– I understand the concern of Azerbaijan and the Azerbaijani delegation. I’d also like to note that I have a very good relationship with head of the Azerbaijani delegation to the Assembly Samad Seyidov, and we’re able to have a comfortable talk about all issues. This is quite a good case itself. I accept their concerns. These issues are so much complicated that… We have our own principal position regarding countries’ territorial integrity. The Council of Europe must defend countries’ territorial integrity. That’s right, we must do these. But it should’t be used as an excuse. We cannot say to any country that if they don’t step up their efforts in this issue, then we’ll prevent the gathering of any group in downtown Baku, and the work of the media. That is to say, we must not mix up issues. It’s true that there are some issues that we, the Council of Europe, and its Parliament Assembly hold responsibility for. However, Azerbaijan also has responsibilities. I have to repeat; We’re operating here for the sake of human rights, democracy, and a legal state. At all aspects, both sides must comply with these at the same level.

– Talking about the Nagorno-Karabakh conflict by the way, as you know, there are “frozen conflicts” between several countries within the Council of Europe, like Russia and Georgia and Moldova, Armenia and Azerbaijan. And the resolutions of these conflicts have become much more urgent after the Crimea crisis between Russia and Ukraine. As the chairman of the Assembly, it would be interesting to know your opinions in this regard…

– Countries’ territorial integrity must be respected. But of course, if both sides reach an agreement… For instance, in the near past, we have witnessed the separation of Czechia and Slovakia, which was achieved through a common agreement. But if a part of a country departs from it and declares independence, or is annexed by another country, of course, that contradicts all the principles of the Council of Europe, the nature of resolutions we adopted. At the same time, there’s a need to stress and I stress that each country must accept the same terms and respect the rules of the same game.

– However there is also discrimination in and different approach to this issue. Especially, after the conflict between Russia and Ukraine over Crimea, European organizations, as well as PACE often talk about occupation and aggression, but they have a completely different approach to the Nagorno-Karabakh conflict. They talk about Georgia, Ukraine and Moldova, but when it comes to the occupation of Azerbaijan’s territories and Nagorno-Karabakh region by Armenia they remain speechless. In your opinion, what could be the reason for a different approach in Europe to similar issues?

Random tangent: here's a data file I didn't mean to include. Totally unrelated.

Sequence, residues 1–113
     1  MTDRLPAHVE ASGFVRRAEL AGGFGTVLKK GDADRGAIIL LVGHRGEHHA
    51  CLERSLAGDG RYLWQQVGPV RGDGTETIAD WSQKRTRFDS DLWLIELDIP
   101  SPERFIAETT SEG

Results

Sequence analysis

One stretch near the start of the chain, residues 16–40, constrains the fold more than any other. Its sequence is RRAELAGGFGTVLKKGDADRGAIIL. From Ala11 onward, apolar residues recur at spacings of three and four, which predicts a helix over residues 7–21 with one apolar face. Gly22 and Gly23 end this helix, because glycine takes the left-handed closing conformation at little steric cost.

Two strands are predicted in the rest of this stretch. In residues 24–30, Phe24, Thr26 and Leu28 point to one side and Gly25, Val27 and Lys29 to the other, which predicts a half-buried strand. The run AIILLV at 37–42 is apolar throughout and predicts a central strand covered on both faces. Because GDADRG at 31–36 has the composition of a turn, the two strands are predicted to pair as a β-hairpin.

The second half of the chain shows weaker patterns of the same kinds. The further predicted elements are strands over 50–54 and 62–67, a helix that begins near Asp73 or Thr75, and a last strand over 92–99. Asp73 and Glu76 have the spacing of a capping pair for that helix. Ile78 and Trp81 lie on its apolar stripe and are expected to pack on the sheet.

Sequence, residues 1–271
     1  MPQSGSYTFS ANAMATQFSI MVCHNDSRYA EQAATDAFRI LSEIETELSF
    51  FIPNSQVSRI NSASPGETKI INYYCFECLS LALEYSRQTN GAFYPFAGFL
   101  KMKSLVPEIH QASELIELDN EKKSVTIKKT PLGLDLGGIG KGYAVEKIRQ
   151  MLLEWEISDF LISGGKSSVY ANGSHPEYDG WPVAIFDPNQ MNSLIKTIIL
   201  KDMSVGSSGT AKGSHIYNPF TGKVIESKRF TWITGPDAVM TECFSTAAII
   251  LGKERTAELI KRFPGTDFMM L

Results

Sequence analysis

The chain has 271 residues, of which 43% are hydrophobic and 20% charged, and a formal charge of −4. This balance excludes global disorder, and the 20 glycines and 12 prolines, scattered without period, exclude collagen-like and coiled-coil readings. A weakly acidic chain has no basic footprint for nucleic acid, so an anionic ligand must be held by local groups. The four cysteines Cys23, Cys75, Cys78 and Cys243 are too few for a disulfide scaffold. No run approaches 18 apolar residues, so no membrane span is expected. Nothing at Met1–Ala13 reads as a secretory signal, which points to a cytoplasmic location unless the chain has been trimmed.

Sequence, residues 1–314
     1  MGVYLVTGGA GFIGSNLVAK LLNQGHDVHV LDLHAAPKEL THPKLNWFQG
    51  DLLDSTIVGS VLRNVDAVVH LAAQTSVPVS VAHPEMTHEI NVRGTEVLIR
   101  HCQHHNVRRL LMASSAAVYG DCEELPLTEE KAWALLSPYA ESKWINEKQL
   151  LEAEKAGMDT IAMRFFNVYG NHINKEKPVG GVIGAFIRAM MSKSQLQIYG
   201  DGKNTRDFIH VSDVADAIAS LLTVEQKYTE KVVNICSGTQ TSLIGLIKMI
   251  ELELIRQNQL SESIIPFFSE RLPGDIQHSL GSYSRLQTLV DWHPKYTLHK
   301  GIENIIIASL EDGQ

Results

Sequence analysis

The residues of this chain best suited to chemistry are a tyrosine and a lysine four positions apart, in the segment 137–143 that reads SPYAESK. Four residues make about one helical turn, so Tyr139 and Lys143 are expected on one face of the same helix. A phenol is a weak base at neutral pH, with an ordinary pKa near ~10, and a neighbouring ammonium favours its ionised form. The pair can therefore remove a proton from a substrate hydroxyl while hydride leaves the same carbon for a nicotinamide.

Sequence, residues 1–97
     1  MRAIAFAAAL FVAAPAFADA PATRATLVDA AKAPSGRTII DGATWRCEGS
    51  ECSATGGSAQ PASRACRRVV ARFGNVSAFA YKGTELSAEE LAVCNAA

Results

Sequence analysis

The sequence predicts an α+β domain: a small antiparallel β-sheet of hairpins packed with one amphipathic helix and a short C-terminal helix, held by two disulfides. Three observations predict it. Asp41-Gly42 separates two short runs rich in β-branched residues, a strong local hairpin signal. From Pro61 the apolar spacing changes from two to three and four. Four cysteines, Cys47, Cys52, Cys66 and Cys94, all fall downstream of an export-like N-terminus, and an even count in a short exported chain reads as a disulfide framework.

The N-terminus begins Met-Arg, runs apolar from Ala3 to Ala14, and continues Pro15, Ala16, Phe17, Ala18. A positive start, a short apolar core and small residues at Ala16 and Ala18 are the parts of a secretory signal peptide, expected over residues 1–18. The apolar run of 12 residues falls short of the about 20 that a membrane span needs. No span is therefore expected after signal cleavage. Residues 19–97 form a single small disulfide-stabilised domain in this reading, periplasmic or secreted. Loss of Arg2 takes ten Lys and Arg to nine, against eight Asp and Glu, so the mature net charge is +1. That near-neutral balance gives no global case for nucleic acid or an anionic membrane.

– To my mind, all conflicts are different, and we can not compare them, because their history is different. Therefore, it would be wrong to compare it to any other frozen conflict. In fact, I don’t like the term “frozen”, because they have already reached a deadlock. But I consider that the OSCE Minsk Group should continue these negotiations with the participation of both parties. This conflict can only be resolved through negotiations. We accept the territorial integrity of countries, but the use of force in this context is unacceptable. We must repeat it always and I repeat once again, all necessary steps should be taken for parties to sit at the table. At present, the Minsk Group is responsible for carrying out this mission. Therefore, the Council of Europe says every time that this issue should be solved by the Minsk Group. Because if everyone starts dealing with this issue, it will not lead to a solution. Everyone has a great responsibility in this issue, but I would like to repeat once again, you don’t need to compare the incomparable cases. These conflicts are incomparable.

– What is a role of the Assembly in this issue? PACE established a sub-committee on the Nagorno-Karabakh conflict for conducting negotiations between Azerbaijani and Armenian delegations. Former chairmen tried to intensify the negotiations. But how will you act in this direction?

– In such matters I am very tough, strictly keeping my promises and I will not make consensus. I will do my best to unite delegations of both countries at the Assembly. But I am not sure whether the Azerbaijani chairmanship is the suitable time for it. Nonetheless, I am optimistic and we should continue the work for joint dialogue. Everybody bears responsibility in this, both he Council of Europe and its Assembly… As a chairman, I also understand my responsibility. But a lot depends on the delegations of both sides. During my visit to Azerbaijan I will discuss this issue with Speaker of the country’s parliament. At the same time, I hope that in the future I will meet with speaker of the Armenian parliament to discuss this issue.